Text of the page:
Chisenhale Gallery, an alternative art space in London that has achieved a cult following on the international circuit, has picked up big talent to direct the institution.
Zoé Whitley, the current senior curator of London’s Hayward Gallery, will be the next leader of Chisenhale Gallery. She’s the first person to direct the institution since its last leader, Polly Staple, departed for the prestigious position of director of Tate’s British art collection. Whitley takes up the post in late March.
Whitley has quickly risen to become one of the world’s closely watched curators. In 2017, with Mark Godfrey at Tate Modern in London, she organized “Soul of a Nation: Art in the Age of Black Power,” a major traveling survey of how Black artists were integral to and influenced by activism surrounding them during the 1960s and ’70s. The exhibition, which Whitley worked on before she had turned 40, recently made an ARTnews list of the shows that defined the 2010s. At last year’s Venice Biennale in Italy, she organized the British Pavilion, which that year featured work by Cathy Wilkes.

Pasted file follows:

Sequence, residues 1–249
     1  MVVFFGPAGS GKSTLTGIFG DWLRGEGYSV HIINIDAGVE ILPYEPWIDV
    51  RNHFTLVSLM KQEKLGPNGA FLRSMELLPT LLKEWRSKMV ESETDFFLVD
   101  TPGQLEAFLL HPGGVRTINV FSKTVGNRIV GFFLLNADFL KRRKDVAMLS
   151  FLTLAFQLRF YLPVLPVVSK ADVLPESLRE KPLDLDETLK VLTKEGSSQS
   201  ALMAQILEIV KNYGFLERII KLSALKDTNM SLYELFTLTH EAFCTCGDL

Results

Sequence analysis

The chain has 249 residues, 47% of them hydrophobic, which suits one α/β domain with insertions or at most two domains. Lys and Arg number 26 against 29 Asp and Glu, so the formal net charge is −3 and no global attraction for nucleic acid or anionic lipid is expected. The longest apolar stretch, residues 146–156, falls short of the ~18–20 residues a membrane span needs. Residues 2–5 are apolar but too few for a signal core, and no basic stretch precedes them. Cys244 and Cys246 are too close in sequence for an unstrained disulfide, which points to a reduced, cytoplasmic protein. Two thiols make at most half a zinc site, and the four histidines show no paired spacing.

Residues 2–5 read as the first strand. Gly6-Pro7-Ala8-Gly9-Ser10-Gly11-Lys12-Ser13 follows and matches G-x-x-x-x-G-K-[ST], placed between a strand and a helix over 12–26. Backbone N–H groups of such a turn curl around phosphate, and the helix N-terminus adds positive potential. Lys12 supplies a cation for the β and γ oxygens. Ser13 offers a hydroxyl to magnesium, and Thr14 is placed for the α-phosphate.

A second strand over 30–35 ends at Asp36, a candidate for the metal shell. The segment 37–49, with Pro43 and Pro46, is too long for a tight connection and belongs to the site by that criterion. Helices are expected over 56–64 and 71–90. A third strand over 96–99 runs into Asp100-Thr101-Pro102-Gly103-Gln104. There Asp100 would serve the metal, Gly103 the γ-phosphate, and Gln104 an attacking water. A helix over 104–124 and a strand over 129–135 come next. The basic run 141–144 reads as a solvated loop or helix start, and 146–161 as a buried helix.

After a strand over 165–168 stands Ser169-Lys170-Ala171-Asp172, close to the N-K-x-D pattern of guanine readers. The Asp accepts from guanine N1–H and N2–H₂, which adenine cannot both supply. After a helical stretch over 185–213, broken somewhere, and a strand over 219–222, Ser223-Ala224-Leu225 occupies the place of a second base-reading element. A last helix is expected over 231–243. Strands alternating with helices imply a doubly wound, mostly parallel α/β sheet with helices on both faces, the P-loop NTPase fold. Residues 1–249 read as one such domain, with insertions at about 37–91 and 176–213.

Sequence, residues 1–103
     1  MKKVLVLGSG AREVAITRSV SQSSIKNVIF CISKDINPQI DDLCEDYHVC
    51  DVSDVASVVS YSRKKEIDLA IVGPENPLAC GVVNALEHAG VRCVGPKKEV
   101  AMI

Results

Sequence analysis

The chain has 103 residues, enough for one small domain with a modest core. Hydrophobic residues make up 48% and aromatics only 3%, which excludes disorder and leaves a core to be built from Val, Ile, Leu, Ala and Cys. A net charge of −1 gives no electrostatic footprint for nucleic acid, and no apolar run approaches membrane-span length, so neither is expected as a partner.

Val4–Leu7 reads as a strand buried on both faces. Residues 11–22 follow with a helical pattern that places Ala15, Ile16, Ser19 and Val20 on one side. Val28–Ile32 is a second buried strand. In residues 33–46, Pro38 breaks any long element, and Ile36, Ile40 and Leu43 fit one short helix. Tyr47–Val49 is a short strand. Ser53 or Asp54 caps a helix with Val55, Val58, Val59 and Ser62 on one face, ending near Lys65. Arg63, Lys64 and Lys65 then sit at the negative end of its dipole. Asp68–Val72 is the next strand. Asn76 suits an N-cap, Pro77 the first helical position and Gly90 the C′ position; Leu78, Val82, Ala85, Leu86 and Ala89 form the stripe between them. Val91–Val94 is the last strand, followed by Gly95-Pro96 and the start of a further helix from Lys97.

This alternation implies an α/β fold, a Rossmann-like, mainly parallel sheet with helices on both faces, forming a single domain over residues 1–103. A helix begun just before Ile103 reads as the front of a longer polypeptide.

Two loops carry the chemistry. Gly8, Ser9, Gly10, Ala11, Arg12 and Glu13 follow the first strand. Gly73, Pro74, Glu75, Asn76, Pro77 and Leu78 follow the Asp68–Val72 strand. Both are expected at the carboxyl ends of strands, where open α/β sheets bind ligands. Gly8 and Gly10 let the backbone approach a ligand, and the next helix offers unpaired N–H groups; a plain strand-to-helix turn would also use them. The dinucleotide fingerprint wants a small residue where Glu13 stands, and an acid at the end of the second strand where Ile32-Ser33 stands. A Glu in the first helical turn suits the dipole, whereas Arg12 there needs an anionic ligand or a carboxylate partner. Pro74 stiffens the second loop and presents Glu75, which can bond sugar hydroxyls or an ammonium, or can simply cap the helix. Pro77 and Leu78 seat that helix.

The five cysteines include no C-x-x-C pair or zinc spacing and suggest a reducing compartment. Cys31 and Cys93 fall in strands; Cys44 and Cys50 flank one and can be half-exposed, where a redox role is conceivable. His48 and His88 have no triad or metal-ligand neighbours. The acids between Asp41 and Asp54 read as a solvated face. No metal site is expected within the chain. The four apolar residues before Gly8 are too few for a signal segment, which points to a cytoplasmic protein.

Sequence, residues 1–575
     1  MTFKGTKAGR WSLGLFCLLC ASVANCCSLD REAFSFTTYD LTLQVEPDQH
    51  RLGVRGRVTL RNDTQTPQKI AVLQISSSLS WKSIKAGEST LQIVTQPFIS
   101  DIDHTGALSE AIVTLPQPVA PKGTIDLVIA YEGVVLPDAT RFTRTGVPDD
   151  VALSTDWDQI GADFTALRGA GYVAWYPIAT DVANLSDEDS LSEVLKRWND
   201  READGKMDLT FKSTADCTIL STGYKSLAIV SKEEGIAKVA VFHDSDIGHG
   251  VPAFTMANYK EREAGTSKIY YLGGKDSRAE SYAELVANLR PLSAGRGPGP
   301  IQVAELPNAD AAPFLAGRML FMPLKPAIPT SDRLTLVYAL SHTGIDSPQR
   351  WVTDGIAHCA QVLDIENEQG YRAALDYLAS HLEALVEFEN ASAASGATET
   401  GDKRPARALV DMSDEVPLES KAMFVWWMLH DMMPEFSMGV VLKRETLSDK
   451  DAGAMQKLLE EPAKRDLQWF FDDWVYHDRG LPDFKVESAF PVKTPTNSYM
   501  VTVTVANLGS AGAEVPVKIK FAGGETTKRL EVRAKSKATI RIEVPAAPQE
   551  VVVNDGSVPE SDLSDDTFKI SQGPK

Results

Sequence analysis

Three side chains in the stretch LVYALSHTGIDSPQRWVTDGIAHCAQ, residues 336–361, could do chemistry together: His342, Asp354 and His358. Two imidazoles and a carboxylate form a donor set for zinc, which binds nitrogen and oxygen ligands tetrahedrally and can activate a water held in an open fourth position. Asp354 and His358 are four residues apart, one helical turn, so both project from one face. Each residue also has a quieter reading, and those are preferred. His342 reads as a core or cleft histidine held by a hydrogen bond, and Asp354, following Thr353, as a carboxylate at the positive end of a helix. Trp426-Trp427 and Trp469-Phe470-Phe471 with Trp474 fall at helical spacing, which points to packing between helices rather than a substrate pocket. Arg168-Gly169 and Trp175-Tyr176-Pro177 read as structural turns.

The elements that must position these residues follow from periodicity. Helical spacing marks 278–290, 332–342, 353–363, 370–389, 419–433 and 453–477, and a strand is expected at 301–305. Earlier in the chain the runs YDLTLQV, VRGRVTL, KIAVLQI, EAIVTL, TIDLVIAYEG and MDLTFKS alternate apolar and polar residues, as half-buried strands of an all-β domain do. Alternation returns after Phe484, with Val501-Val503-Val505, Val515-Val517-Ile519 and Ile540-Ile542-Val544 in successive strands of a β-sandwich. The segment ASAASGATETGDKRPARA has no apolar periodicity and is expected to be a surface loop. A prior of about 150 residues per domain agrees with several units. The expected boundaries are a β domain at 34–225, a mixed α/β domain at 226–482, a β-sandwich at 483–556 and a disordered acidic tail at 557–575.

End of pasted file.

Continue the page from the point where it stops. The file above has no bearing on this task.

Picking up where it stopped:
Other notable shows of hers include the 2013 exhibition “The Shadows Took Shape,” a prescient Studio Museum in Harlem survey that focused on Afrofuturism and was curated with Naima Keith, and “Reverb: Sound into Art,” a forthcoming exhibition at the Hayward Gallery featuring sound-art works by Christine Sun Kim, Kahlil Joseph, Oliver Beer, and more, including some newly commissioned pieces.
Prior to becoming senior curator at the Hayward Gallery, Whitley had held curatorial positions at Tate Britain and Tate Modern, working on such initiatives as a program dedicated to bringing African artworks into the museums’ holdings.
“I’ve been inspired by Chisenhale Gallery’s program since I first became a curator,” Whitley said in a statement. “I’m honored to have been selected to lead its next chapter as director and excited by the challenges and possibilities for artistic collaborations to come.”